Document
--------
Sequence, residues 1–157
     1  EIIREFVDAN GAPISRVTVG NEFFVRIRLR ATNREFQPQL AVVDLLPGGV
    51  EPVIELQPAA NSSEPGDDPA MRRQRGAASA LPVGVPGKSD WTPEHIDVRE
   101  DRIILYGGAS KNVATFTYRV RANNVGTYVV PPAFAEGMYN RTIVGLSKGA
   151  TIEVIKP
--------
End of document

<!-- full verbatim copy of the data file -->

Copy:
Sequence, residues 1–157
     1  EIIREFVDAN GAPISRVTVG NEFFVRIRLR ATNREFQPQL AVVDLLPGGV
    51  EPVIELQPAA NSSEPGDDPA MRRQRGAASA LPVGVPGKSD WTPEHIDVRE
   101  DRIILYGGAS KNVATFTYRV RANNVGTYVV PPAFAEGMYN RTIVGLSKGA
   151  TIEVIKP